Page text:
The 90s called - they want their Eldar hovertanks back...
I've been working on eking away at the lead mountain, with a rule of "no new minis till you paint the old ones." 28mm Fantasy still has a few Confrontation 3 warbands - (oh beauteous models!) to go, along with some WM Scyrah and assorted solos; but hundreds of fantasy models have been painted this year. It'd make me feel good if I didn't recall my LOTR boxes; ~500 various models I bought in a few job lots; but I'm so overwhelmed by them only a small proportion (for Battle Companies) has been painted.
Anyway, the grav tanks kinda have no foes to fight, and anything GW is too rich for my budget, so I'm going to make a homebrew set of rules, a homage to the hovertank FPS/RTS Battlezone (remember PC gaming in the 90s? There was some great gameplay. Seems like most new games are 90% shiny and 10% content.. mutter mutter old codger rant).
The hovertank game going to take place in an abandoned ruined city/underground (underhive? Moria? abandoned Craftworld?) caverns. The hovertanks are going to be scavenging for precious lostech, and transporting cargo between colonies. It's not just enemy hovertanks; monsters lurk in the underworld....
I'm going to use it as a test bed for campaign rules, the more "gimmicky" rules that don't make it into my tank game (see last post), and experimenting with drift mechanics for space games. Because a 50 ton sci fi flying tank drifting sideways while firing backwards at 100kph is cool. I'm making pew-pew shwooosh noises in my head as I type this. Yeah, the tanks are identical but I'll allow them to be "customized" with extra thrusters, afterburners, and the top weapon bay can be fitted with autocannon, rockets or missiles, or even sensors. Extra armour plates can be fitted at the expense of agility. I may even add cloaking devices and shields. The main spinal mount energy beam can be set for rapid pulse, normal, and sniper beam modes between missions. It might be a good place to test spotting mechanics for the conventional tank rules (or night fighting in the gloom of the underworld).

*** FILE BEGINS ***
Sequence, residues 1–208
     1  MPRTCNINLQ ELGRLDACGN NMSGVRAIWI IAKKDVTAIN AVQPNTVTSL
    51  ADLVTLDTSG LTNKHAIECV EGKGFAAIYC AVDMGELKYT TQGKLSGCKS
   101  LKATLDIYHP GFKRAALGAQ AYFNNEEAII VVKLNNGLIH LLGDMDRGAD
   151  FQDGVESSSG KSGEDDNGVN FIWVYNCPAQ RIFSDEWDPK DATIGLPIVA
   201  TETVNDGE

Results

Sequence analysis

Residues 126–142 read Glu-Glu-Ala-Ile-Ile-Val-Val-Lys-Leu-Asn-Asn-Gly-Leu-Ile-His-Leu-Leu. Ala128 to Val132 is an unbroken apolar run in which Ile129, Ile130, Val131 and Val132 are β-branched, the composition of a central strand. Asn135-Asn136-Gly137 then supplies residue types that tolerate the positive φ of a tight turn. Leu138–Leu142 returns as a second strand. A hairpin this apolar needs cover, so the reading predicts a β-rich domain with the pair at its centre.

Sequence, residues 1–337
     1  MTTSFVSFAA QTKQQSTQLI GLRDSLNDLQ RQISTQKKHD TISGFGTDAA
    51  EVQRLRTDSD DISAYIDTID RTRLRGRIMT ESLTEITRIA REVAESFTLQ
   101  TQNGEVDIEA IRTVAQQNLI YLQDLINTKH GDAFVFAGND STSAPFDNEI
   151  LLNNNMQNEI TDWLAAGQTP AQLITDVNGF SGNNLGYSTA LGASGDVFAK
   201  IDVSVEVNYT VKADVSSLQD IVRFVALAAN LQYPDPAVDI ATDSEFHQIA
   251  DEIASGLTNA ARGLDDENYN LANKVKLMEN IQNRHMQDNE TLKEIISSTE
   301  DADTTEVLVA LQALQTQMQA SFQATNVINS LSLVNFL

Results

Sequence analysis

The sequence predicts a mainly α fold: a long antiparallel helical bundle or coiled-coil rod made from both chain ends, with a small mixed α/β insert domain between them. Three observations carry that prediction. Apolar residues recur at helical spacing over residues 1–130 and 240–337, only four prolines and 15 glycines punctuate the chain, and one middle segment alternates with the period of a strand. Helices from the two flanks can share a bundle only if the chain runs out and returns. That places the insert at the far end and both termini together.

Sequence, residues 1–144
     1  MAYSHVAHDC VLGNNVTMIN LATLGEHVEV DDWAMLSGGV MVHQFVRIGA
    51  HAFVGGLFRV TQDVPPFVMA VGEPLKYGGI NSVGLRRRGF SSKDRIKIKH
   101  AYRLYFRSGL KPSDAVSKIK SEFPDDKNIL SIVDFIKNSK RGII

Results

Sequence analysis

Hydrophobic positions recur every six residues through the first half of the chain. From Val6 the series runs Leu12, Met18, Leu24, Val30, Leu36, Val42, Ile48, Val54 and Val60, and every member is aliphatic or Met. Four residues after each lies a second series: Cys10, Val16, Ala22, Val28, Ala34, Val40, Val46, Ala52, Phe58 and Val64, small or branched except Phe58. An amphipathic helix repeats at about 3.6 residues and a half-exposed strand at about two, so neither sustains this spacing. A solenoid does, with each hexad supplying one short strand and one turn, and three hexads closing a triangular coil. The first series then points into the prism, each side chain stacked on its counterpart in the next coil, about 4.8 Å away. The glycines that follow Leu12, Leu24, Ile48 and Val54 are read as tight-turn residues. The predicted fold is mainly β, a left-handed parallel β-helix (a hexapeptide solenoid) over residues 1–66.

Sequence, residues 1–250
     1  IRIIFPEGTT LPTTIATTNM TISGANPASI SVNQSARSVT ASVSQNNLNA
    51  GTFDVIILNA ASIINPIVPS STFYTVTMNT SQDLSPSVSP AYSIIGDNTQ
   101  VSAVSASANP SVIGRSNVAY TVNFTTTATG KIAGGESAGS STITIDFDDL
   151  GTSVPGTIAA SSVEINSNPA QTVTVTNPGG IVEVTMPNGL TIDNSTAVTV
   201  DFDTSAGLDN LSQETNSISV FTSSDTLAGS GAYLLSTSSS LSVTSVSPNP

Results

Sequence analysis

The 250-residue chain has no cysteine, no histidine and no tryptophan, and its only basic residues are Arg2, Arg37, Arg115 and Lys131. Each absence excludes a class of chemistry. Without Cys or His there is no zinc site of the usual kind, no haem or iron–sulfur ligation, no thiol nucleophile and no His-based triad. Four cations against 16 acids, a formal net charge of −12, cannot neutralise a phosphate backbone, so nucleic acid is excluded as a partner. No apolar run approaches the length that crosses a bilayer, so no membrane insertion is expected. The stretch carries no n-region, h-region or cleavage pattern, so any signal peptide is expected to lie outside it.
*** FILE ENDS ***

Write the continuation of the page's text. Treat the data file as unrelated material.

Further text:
Last ones! Below you can see more of my game table. A few pieces of cheap pine makes a handy city scape etc - not the prettiest, but very cheap (I think the wood was free!) and is excellent for testing cover mechanics in games as it is good for testing angles/ranges etc and their impact on game tactics.
Terrain density and how it impacts games (vs artificially short weapon ranges) is a topic I've been musing about. Maybe time for a game design post again?